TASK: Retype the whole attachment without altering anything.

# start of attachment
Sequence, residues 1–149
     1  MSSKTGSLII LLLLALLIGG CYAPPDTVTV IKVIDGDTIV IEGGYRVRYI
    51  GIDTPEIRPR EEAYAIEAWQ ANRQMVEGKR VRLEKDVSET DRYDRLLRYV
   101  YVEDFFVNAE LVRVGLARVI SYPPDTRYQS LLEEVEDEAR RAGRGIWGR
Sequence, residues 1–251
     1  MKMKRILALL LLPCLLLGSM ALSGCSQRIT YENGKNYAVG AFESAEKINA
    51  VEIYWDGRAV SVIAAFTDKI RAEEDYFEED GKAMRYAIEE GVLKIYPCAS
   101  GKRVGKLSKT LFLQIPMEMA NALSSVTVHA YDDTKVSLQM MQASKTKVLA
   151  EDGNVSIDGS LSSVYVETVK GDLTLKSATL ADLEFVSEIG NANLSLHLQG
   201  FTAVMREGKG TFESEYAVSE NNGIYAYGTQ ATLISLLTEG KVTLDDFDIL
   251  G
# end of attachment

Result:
Sequence, residues 1–149
     1  MSSKTGSLII LLLLALLIGG CYAPPDTVTV IKVIDGDTIV IEGGYRVRYI
    51  GIDTPEIRPR EEAYAIEAWQ ANRQMVEGKR VRLEKDVSET DRYDRLLRYV
   101  YVEDFFVNAE LVRVGLARVI SYPPDTRYQS LLEEVEDEAR RAGRGIWGR
Sequence, residues 1–251
     1  MKMKRILALL LLPCLLLGSM ALSGCSQRIT YENGKNYAVG AFESAEKINA
    51  VEIYWDGRAV SVIAAFTDKI RAEEDYFEED GKAMRYAIEE GVLKIYPCAS
   101  GKRVGKLSKT LFLQIPMEMA NALSSVTVHA YDDTKVSLQM MQASKTKVLA
   151  EDGNVSIDGS LSSVYVETVK GDLTLKSATL ADLEFVSEIG NANLSLHLQG
   201  FTAVMREGKG TFESEYAVSE NNGIYAYGTQ ATLISLLTEG KVTLDDFDIL
   251  G